The HSR Authority will produce a formal detailed Business Plan on November 1, 2011, for public review and comment. The Business Plan will shape the financial and operational implementation of the HSR project, and must be adopted and submitted to the Legislature by January 1, 2012 (and every two years thereafter).

The Business Plan must include, among other things: 

  • a forecast of the anticipated patronage, operating and maintenance costs, and capital costs for the system
  • an estimate and description of the total anticipated federal, state, local and other funds the authority intends to access to fund the construction and operation of the system, including an official assessment of the “level of confidence” for funding
  • alternative financial pro formas for the different levels of service
  • the proposed chronology for the construction

The Business Plan must also include an analysis “of all reasonably foreseeable risks …” and proposals for dealing with them.

A public hearing will be held before the Business Plan is officially adopted, and interested parties (including potential bidders and contractors) will have an opportunity to submit formal written comments on any aspect of the Business Plan in the 60 days following its release on November 1, 2011. This upcoming formal written comment period can be used as an opportunity to voice concerns and influence the specific financial and operational requirements of the CA HSR project.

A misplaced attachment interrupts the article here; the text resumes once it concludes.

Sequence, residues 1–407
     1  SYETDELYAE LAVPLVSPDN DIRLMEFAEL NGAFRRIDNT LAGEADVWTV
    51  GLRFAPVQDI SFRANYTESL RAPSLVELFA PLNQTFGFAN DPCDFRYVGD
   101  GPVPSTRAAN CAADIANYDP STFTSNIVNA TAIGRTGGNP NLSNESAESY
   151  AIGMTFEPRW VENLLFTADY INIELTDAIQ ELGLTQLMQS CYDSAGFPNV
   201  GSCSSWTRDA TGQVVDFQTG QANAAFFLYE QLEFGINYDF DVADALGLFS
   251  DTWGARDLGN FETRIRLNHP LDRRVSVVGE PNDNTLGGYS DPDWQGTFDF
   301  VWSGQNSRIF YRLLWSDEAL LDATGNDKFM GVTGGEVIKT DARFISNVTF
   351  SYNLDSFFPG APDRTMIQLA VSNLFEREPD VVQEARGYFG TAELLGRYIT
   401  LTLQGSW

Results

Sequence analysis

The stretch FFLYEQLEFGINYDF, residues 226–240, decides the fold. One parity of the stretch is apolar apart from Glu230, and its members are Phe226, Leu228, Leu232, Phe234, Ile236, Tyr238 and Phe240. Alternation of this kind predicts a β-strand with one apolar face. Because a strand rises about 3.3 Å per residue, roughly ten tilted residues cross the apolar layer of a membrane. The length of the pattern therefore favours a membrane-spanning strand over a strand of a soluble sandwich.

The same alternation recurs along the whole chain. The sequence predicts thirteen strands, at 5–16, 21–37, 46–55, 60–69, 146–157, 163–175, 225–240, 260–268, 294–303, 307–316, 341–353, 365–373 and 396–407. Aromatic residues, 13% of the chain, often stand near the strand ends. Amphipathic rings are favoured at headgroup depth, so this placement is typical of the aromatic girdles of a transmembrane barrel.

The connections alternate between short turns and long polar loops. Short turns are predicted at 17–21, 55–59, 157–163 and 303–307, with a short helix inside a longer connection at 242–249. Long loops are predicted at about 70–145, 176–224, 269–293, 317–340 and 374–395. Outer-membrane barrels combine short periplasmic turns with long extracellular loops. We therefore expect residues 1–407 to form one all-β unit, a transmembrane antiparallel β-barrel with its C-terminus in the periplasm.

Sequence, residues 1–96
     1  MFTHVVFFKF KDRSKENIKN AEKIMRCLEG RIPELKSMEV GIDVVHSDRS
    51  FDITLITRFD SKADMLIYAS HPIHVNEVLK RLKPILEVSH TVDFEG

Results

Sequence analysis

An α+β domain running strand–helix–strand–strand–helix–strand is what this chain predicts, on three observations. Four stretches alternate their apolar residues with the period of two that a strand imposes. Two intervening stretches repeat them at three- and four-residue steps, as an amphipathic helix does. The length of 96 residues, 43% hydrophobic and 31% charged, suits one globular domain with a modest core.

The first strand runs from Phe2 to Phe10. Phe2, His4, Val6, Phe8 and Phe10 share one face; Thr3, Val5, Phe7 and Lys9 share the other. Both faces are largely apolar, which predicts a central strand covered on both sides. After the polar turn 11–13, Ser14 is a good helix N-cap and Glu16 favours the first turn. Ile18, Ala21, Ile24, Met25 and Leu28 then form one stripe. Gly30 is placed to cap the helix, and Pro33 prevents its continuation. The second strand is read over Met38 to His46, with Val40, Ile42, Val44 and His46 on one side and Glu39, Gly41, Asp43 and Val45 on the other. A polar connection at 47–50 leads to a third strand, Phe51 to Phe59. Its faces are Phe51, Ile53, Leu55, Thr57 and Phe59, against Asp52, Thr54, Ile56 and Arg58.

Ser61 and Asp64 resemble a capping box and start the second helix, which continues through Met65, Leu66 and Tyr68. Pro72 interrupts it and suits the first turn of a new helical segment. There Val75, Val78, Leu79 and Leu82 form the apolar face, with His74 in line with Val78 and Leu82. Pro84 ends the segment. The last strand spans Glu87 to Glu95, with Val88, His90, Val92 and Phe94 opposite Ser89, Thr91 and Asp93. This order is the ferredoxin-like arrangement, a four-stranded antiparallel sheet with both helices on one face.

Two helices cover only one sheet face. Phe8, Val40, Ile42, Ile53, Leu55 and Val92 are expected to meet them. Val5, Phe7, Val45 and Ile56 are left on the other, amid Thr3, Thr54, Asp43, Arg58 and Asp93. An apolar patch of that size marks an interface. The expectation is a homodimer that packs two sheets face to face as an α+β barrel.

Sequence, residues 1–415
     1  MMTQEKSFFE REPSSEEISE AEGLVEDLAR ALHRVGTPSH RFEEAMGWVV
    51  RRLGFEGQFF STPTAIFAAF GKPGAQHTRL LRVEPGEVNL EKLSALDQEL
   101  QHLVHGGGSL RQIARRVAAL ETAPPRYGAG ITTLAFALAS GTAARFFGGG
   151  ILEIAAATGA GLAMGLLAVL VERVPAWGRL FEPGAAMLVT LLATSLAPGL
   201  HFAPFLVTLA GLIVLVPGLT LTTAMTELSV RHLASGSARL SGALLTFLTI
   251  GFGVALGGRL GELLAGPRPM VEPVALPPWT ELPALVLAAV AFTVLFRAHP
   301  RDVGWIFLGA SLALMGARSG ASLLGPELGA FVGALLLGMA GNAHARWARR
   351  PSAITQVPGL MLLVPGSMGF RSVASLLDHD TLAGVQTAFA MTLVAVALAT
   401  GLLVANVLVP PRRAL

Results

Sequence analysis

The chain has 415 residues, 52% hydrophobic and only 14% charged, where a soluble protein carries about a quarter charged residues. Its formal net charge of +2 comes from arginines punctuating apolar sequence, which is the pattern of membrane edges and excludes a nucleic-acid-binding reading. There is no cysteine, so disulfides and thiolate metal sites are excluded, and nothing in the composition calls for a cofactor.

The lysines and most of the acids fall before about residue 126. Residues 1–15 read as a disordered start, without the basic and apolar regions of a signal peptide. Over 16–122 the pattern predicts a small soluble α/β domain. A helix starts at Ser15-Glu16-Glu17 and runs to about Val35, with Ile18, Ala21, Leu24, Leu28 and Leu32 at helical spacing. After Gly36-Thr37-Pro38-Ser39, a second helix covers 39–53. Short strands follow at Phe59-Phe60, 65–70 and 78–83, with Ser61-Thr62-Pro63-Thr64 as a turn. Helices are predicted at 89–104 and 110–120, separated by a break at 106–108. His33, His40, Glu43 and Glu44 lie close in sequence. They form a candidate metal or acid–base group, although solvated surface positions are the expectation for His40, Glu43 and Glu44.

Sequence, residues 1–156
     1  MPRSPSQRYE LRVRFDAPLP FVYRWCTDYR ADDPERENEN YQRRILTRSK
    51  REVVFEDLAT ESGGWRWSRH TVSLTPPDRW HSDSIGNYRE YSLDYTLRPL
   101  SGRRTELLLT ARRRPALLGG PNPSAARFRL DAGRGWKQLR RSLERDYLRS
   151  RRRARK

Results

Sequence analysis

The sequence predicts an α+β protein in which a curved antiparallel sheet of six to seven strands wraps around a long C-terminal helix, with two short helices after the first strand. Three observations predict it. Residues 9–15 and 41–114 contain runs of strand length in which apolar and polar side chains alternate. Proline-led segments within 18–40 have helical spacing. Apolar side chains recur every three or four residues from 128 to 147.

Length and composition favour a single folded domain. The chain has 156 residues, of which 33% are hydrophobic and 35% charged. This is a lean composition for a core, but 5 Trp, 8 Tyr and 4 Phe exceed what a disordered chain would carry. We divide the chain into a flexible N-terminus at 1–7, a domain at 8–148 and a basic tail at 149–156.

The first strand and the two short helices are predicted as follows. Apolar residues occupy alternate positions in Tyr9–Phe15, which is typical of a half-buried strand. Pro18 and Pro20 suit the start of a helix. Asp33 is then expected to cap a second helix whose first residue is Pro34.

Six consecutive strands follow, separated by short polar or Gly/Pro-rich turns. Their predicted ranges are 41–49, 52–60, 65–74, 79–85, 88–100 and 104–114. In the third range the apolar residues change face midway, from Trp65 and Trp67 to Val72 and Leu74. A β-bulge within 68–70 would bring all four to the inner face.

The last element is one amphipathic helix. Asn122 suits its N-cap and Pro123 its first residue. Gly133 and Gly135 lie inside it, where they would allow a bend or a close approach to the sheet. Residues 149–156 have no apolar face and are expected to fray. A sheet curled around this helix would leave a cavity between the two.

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About this Author

Paul Berkowitz, Corporate Attorney, Greenberg Traurig Law FIrm
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More than 35 years of experience in working with businesses, both domestically and internationally in a wide range of industries including serving as a senior executive with a NYSE listed company, gives Paul a unique outlook when advising clients facing the challenges of today's economy. Paul's background combines cross-border representation of clients in acquisition, disposition, debt, and equity financing transactions, including acting as an advisor to multi-national enterprises in rule 144A, initial public and high yield debt offerings.

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Jeremy A. Meier, Greenberg Traurig Law firm, Litigation Attorney
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Mr. Meier has extensive federal and state complex litigation experience in California courts, including trial, arbitration, and mediation experience representing corporations and individuals. Mr. Meier’s practice focuses on state and local procurement and government contracts involving bid protests, RFPs and solicitations, counseling and litigation, subcontractor and vendor disputes, public records and governmental disputes, and related administrative advocacy and writ proceedings. Mr. Meier routinely handles regulatory hearings and governmental affairs matters before regulators and...